During the period stretching from the 1970s through the 1990s, Monthly Review, under the editorship of Harry Magdoff and Paul Sweezy, stood apart in its analysis of the tendency to economic stagnation in advanced capitalism and its view that the economic slowdown beginning in the 1970s was a manifestation of this secular tendency. The financial explosion that also emerged in these years was seen as an attempt by the system to stave off stagnation by means of credit-debt expansion, but at the cost of increasing financial fragility.
Younger left economists, who had begun their economic studies in the prosperous 1960s, often had difficulty appreciating the significance of this argument, which seemed to go against their own earlier experience and the current beliefs of the economic profession, and to be a throwback to the 1930s. Hence, they sometimes voiced concerns that MR was becoming repetitive, even obsessive, in its focus on stagnation (reinforced by financialization) as “the normal tendency” of monopoly capitalism. When such concerns and their ramifications for the magazine were raised at an MR meeting in the late 1980s, Sweezy (one of us recalls) simply smiled and good-humoredly said: “Then we will just have to repeat it more. They’ll find out soon enough.”
Yet, despite the supreme confidence of the MR editors that historical experience would, in the end, overcome entrenched beliefs, and notwithstanding a decline in the economic growth trend in the mature capitalist economies that has lasted for four decades now, serious consideration of the stagnation problem has been very slow to emerge, even on the left. The main reason for this is, no doubt, the continuing financial explosion during this entire period, which lifted the economy by means of one bubble after another. Profits soared (along with debt) even as production slowed. The depth of the problem was therefore hidden from most economic analysts who didn’t look beyond the bottom line on corporate balance sheets. Caught up in the financial ebullience and trusting in their own abstract models, orthodox economists were impervious to the structural weaknesses of the underlying “real economy.” They even began to talk once again in the late 1990s and in the early 2000s—as they had in the late 1960s and the late 1980s—of the end of the business cycle.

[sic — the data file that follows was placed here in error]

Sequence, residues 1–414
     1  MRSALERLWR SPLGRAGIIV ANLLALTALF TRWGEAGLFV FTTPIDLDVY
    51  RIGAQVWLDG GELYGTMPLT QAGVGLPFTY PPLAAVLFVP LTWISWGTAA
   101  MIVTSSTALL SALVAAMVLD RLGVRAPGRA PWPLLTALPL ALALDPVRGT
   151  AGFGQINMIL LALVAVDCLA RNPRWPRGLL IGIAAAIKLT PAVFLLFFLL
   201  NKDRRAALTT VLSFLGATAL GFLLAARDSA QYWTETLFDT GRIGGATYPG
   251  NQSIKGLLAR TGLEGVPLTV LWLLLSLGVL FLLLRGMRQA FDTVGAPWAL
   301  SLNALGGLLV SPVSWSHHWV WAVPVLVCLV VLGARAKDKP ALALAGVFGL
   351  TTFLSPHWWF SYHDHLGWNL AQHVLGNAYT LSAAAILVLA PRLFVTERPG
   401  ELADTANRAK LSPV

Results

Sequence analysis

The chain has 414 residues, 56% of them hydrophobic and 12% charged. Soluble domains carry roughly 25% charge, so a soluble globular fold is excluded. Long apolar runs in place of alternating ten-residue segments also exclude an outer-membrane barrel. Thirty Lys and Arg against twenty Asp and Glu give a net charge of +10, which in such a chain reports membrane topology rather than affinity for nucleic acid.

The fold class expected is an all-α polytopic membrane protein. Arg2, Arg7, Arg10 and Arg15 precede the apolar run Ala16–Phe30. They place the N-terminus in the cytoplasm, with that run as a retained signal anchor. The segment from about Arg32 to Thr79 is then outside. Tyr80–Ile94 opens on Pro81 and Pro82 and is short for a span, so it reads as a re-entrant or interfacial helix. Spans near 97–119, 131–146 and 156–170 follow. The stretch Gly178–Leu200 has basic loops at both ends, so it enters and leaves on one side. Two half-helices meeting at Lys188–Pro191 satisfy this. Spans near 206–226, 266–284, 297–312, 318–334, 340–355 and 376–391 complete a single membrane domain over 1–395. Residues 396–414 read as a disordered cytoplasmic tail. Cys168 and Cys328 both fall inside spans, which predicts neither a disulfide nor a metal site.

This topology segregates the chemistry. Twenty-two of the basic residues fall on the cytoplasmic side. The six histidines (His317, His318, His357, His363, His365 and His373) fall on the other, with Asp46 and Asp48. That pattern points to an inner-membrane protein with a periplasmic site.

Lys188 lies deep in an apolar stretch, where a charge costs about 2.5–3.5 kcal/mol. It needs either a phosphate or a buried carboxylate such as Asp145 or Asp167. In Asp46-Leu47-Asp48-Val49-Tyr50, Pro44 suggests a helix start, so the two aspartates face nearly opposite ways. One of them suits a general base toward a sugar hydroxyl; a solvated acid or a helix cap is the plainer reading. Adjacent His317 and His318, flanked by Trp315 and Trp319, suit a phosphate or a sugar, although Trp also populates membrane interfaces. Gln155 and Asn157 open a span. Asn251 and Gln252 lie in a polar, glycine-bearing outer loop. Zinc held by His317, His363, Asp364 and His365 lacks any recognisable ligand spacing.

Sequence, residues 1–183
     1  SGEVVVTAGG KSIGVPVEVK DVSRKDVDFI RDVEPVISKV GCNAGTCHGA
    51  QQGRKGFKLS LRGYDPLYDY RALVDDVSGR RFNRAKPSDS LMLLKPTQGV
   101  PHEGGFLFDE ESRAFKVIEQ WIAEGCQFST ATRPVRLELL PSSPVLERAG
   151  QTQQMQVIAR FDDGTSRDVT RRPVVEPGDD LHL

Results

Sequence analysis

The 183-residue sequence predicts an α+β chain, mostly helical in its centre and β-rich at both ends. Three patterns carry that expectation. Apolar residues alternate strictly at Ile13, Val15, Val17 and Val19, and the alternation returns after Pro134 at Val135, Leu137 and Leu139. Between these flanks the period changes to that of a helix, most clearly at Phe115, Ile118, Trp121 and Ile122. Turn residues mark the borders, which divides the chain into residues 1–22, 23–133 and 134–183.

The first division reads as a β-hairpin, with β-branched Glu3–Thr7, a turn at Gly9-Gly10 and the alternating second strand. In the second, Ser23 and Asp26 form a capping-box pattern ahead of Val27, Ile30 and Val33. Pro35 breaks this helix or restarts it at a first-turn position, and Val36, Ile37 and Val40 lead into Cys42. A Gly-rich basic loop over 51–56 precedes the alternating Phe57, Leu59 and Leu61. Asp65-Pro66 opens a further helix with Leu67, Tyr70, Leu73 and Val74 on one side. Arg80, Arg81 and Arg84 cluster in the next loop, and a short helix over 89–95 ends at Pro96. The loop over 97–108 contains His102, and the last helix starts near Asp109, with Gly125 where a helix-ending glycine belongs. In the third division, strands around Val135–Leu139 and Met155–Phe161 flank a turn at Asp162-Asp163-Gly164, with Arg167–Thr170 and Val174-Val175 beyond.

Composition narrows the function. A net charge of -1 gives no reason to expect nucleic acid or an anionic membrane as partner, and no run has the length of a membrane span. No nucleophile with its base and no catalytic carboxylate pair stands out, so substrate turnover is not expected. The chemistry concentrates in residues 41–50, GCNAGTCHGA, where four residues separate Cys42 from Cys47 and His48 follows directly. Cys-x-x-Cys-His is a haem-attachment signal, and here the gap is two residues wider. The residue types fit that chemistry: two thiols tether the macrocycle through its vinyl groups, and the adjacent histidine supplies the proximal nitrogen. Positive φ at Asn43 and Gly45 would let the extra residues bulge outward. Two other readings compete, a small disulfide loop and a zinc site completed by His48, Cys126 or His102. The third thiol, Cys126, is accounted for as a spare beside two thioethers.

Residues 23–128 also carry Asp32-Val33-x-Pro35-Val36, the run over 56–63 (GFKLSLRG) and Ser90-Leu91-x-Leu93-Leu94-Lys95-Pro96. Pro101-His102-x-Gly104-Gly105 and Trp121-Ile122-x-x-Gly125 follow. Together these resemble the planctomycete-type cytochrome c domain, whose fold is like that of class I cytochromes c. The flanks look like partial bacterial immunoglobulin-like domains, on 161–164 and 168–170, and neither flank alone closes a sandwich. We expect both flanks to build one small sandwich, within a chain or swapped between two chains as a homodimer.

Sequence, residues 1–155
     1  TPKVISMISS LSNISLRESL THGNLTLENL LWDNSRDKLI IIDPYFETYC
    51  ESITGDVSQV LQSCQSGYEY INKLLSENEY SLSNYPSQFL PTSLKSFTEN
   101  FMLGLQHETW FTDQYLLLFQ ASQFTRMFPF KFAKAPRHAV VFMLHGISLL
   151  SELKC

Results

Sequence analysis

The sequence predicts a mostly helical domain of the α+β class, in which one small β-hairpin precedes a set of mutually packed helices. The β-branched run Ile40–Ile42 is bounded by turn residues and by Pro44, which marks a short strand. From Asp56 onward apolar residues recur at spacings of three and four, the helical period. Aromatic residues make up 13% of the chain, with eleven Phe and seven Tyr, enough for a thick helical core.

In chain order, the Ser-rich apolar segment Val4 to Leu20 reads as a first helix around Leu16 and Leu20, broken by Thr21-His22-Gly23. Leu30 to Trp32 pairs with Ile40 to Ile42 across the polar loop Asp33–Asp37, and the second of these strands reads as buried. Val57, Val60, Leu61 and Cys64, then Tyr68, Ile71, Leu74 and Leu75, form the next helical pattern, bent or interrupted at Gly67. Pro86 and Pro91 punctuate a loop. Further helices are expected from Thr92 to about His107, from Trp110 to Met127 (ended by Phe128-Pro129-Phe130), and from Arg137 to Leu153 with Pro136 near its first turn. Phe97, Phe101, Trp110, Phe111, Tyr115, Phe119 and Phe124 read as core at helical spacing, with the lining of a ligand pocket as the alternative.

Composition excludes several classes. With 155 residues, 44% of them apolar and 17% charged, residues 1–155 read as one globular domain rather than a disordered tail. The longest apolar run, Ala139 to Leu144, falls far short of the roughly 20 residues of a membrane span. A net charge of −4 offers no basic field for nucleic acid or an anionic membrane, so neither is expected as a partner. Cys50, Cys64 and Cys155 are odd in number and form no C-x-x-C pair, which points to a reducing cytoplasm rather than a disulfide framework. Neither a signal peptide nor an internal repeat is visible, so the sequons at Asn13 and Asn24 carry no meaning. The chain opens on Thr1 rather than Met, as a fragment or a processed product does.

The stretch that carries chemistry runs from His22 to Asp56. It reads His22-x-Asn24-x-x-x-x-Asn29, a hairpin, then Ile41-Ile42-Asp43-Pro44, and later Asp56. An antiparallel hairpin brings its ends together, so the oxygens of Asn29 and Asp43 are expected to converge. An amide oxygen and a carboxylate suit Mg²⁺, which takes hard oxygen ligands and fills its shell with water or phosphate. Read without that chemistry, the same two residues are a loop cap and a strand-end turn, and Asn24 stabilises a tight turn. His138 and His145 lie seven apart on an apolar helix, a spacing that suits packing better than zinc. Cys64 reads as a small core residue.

The Great Financial Crisis, however, has had the effect of stripping away all such illusions. In an interview on National Public Radio on July 3, Lakshman Achuthan, director of the Economic Cycle Research Institute, stated the obvious (though seldom acknowledged outside these pages) fact that the United States and other capitalist economies have been slowing down for decades: “Ever since the 1970s,” he observed, “the pace of economic expansion in the U.S. has been stair-stepping down, getting weaker and weaker. And the last expansion was the weakest expansion since World War II on every single count.” Representing a more orthodox standpoint, the Economist on June 24 raised the specter of “a long period of stagnation” in Europe and the United States resembling Japan since the early 1990s.
Paul Krugman went so far as to argue in his New York Times column on June 27 that the economy is in the “early stages” of a “Third Depression” (the first two were what he called the “Long Depression,” following the Panic of 1873, and the Great Depression of the 1930s). The economic recovery that began “arguably…last summer” in the United States, Krugman pointed out, could no more be seen as marking the end of this Third Depression, than “the business upturn that began in 1933” was “the end of the Great Depression.” Rather, the real problem was one of a continuing slowdown of economic growth, with the economy increasingly caught in a “deflationary trap.”